In the updated and expanded edition of Competing on Analytics (first published in 2007), Tom Davenport and Jeanne Harris focus on an important lesson: “Extracting value from information is not primarily a matter of how much data you have or what technologies you use to analyze it, though these can help. Instead, it’s how aggressively you exploit these resources and how much you use them to create new or better approaches to doing business.”
For example, the DELTA model developed years ago by Tom. As he explains, it has five attributes:
1. Data: Analytical companies require integrated, high-quality, and easily accessible data about their businesses and markets.
2. Enterprise: Instead of managing their analytics resources in disconnected silos, highly analytical firms manage these resources — including data, technology, and analysts — in a coordinated fashion throughout the enterprise.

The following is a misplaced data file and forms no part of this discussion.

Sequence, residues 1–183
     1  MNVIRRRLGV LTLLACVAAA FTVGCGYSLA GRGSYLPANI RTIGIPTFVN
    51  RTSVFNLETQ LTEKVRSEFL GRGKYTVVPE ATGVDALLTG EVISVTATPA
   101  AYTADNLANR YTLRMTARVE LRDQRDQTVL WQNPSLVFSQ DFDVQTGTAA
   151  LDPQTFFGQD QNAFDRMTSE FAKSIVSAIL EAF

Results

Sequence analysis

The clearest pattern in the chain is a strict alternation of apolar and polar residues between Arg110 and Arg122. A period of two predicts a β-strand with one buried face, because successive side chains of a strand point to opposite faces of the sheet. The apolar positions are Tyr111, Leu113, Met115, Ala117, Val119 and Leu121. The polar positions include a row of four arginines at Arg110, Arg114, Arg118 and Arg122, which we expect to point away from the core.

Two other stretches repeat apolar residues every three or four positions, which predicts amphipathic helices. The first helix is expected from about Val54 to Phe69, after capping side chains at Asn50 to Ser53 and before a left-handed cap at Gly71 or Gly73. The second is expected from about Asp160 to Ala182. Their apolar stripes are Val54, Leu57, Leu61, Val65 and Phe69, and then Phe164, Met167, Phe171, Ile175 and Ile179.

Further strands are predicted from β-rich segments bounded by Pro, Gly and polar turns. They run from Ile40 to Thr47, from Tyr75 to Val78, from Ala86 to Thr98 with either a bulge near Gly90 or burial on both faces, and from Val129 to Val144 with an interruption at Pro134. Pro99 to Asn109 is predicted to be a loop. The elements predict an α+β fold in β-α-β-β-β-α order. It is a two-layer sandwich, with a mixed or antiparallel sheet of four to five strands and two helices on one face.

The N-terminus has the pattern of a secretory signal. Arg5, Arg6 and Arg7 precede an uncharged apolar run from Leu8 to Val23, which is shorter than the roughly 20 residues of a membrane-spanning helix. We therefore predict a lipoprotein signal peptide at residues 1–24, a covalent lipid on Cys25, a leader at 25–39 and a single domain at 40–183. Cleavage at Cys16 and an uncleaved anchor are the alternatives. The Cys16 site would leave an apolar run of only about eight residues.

3. Leadership: One of the key factors driving success in analytics is strong, committed leaders who understand the importance of analytics and constantly advocate for their development and use in decisions and actions.
4. Targets: Organizations can’t be equally analytical about all aspects of their businesses, so they need to target specific business capabilities and functions to the extensive use of analytics.
5. Analysts: Analytical organizations succeed in part because they hire and train high-quality quantitative analysts and data scientists.
More information is provided in Chapter 6.
Competing on Analytics: The New Science 0f Winning was published by Harvard Business School Press (September 2017).